HOUSTON (AP) — The U.S. Department of Justice says a Texas-based organization that runs facilities to hold immigrant children has settled a retaliation claim from an ex-employee.
Southwest Key Programs will pay $68,000 to the employee, the Justice Department said in a Friday news release. DOJ alleged the employee, who it did not name, applied for several jobs at Southwest Key but was denied because he had said he would file a discrimination claim against the organization. If proven, those allegations would have violated federal anti-discrimination law, DOJ said.
Southwest Key operates several facilities in Texas and elsewhere that house immigrant children under the authority of the U.S. Department of Health and Human Services. Those facilities include a former Walmart in Brownsville, Texas, converted into a 1,500-bed facility called Casa Padre.
When the Trump administration implemented the wide-scale separation of immigrant families in 2018, Casa Padre and other Southwest Key facilities became controversial symbols of government policy. Southwest Key’s founder and CEO, Juan Sanchez, stepped down in March 2019 after investigations into abuse and assault of children detained at its facilities, criticism of the salaries he and his wife were receiving, and allegations that the organization had mismanaged funds.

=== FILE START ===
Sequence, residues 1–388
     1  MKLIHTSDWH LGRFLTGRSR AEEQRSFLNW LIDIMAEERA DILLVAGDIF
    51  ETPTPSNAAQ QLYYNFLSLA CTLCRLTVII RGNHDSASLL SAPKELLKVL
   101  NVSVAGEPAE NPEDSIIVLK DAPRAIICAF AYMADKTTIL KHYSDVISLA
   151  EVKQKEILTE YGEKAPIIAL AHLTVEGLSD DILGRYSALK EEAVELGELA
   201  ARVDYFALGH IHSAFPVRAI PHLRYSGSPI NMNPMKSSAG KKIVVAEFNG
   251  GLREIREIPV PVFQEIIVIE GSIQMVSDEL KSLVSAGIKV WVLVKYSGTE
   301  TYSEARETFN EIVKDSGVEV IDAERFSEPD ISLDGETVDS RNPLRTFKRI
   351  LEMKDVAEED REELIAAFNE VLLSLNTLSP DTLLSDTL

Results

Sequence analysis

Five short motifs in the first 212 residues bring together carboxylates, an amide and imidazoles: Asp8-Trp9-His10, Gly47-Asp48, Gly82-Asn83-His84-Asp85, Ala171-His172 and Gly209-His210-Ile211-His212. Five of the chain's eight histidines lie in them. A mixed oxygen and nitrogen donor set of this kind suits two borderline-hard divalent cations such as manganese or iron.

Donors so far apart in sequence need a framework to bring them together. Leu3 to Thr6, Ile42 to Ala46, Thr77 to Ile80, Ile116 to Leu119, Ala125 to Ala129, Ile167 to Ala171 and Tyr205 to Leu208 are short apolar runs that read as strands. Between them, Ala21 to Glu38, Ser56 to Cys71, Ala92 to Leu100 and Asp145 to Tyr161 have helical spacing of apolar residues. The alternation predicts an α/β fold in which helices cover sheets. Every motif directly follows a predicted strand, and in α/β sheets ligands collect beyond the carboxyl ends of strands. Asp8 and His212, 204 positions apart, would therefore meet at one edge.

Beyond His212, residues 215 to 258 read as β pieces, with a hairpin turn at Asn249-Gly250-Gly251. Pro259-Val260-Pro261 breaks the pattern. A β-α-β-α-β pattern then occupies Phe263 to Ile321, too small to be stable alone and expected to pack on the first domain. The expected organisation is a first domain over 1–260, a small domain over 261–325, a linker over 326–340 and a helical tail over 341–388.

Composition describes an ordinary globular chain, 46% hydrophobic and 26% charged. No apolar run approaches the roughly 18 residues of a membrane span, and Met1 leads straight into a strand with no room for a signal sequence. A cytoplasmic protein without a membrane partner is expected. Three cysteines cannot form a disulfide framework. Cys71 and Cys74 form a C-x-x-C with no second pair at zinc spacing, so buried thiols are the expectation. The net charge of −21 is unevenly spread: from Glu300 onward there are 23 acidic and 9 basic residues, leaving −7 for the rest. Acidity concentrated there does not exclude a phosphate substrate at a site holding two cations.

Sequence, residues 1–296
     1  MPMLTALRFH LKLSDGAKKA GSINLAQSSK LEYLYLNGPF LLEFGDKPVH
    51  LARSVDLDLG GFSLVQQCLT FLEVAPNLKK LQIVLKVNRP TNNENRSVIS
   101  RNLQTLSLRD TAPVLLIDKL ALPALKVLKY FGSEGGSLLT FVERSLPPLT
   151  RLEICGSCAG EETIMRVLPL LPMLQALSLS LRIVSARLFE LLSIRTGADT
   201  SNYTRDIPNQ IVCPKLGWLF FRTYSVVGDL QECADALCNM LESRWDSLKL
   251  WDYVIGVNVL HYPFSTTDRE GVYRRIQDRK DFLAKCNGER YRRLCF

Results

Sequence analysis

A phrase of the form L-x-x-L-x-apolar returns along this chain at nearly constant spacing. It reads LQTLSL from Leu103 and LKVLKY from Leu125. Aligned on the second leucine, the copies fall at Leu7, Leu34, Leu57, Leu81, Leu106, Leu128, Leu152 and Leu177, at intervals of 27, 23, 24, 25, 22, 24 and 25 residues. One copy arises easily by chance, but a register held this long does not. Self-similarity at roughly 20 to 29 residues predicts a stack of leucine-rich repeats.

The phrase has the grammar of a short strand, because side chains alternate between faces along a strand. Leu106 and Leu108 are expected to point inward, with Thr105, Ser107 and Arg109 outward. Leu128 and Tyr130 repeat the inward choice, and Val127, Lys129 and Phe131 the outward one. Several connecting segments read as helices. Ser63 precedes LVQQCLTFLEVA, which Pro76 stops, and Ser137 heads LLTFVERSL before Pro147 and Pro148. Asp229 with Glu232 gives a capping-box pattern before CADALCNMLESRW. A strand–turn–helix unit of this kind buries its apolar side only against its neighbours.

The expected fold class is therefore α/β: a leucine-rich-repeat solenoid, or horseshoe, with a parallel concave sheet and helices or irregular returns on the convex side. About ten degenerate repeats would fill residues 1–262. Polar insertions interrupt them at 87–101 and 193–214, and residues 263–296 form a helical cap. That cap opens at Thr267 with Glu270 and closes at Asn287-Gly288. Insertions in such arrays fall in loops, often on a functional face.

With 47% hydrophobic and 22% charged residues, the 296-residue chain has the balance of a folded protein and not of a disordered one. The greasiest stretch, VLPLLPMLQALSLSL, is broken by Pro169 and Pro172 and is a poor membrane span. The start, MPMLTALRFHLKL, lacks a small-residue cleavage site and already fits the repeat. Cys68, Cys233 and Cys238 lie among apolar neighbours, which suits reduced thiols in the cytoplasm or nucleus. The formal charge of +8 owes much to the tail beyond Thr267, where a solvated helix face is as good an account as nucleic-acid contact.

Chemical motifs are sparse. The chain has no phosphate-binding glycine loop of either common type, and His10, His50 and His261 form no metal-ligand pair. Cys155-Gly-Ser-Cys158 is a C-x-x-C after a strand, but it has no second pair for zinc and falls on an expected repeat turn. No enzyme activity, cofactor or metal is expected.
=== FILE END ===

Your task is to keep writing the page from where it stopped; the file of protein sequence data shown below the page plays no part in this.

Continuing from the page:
In a statement Friday, Southwest Key spokesman Neil Nowlin said the organization was committed to preventing discrimination.
“We will strive to do better whenever we can, so that our staff can continue to provide compassionate care to thousands of children and youth each year,” Nowlin said.